Marketing and communications (“marcoms” to jargon fans) used to be an “after the fact” affair. A company launched a product or formed a partnership and then put out a press release to tell people after the event. Sometimes of course press releases announce upcoming events.
Since the arrival of social media, I am intrigued to see how business communication has changed.
Social media sites, as well as search engine indices, are simple enough – a way of getting your content seen by the world. You publish an article, a video, a photo gallery, a game or some other feature on your website that you want people to look at, you add it to all the directories you can, as well as telling your contacts through your mailing list and any discussion groups or forums you belong to.
Since Facebook took over the world (for the time being at least), businesses have been trying to tap into its social consciousness. Brands that engage well on Facebook know it is about conversation between people who are comfortable with each other. Usually groups of friends who recognise each other and who chat as though they are at a birthday party or works do.
Business professionals on Facebook are just as likely to discuss things they have seen or been doing while going about their day as they are to talk about work. Smart companies using Facebook know it is about people, not brand positioning. They realise it is about the “horrible waitress who served my lunch” or the “traffic on the M25 on the way back from the meeting” – not “Would you like to buy insurance?”
LinkedIn is like a business event where you don’t really know anyone but you can talk to anyone if you have a reason. Before Facebook and Twitter, the kind of things you would read on LinkedIn would be personal career updates. Now, because of LinkedIn Answers, Groups and other features, it also has a bit of a Twitter and Google+ feel to it in terms of what people post. You get lots of links to “my latest blog post” and lots of people mentioning which business networking event they are about to attend. It is very much a professional environment though, rather than tittle tattle.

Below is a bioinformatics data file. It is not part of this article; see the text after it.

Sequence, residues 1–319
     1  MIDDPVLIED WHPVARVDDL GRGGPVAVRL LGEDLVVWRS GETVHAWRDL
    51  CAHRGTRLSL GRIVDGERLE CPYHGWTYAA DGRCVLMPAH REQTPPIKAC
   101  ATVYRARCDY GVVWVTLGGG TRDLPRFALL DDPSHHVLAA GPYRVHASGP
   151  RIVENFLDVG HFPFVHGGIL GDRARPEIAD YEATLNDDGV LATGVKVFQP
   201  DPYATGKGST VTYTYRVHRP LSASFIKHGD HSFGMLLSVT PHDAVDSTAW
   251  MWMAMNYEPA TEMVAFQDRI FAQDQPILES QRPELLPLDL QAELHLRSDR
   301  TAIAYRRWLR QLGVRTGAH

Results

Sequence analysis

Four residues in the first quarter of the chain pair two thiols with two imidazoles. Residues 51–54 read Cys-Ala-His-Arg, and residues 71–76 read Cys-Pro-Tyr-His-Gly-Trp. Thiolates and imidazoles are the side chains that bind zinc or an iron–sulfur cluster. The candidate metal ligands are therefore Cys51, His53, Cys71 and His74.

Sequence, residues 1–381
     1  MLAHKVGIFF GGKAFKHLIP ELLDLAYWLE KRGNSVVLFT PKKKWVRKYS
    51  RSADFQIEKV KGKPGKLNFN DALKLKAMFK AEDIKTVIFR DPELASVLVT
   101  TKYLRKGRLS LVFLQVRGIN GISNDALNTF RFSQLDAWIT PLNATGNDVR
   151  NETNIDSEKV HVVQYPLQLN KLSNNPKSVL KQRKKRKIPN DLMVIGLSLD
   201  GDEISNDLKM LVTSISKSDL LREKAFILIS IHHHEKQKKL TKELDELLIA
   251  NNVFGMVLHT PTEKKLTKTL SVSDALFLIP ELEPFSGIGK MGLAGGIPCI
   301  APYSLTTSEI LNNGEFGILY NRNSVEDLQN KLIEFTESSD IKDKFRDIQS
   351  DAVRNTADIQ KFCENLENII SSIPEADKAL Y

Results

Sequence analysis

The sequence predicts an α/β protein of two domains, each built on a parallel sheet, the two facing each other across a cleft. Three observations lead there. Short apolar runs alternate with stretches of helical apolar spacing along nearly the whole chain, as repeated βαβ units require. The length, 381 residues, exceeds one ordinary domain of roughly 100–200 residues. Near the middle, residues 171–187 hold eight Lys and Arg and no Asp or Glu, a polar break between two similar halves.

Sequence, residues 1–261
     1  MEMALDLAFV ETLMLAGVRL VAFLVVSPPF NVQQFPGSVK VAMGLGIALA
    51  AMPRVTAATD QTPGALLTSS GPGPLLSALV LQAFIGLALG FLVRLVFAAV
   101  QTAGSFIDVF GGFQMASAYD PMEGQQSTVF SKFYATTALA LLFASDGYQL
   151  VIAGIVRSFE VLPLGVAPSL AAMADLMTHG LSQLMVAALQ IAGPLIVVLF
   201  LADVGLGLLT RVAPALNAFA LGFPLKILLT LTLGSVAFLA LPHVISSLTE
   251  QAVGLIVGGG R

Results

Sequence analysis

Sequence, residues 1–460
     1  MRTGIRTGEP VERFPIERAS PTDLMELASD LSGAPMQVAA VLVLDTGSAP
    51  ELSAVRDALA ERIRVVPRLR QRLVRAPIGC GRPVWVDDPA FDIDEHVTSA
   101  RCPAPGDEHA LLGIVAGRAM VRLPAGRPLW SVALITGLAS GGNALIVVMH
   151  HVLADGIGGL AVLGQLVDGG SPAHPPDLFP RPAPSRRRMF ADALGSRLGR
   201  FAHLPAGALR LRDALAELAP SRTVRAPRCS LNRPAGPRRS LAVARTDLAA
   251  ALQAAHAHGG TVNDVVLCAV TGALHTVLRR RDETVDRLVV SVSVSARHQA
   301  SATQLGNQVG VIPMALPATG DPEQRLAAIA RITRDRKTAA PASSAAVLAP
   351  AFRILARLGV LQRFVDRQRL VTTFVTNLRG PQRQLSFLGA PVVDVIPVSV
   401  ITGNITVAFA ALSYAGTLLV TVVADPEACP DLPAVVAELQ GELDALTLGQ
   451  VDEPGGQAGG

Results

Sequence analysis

Facebook helped people make the transition from professional to personal; it has allowed businesses to open up the “who we are” page of their website into a whole network of individuals chatting about what they do at work, in between what they do at home and with their mates. Twitter has streamlined this idea further, allowing individual personalities to go about their business on behalf of their companies without being too bogged down with the laughing and joking.
You could say the difference between Facebook and Twitter is this: Facebook is like a party with mates where you get to talk about work a bit; Twitter is like a business social event where you get to have a bit of a laugh.
Twitter has changed marcoms completely. Now, we no longer have to wait for a company to do something to see the press release. On Twitter, you are just as likely to see people announcing, “I have just had a call from a client who wants me to pitch to them,” or, “Had a great meeting with [insert name] who likes my ideas.”
The key point is that marcoms is no longer about big news and big announcements of new products or mergers – it is about everyday, ongoing conversation, with the “story” changing depending on the social network you are using. If companies ensure they have staff present on all social networks, they can benefit from all the different ways of reaching potential customers.
(I have not included Google Plus in this piece, but it is currently looking like something in between Facebook and Twitter).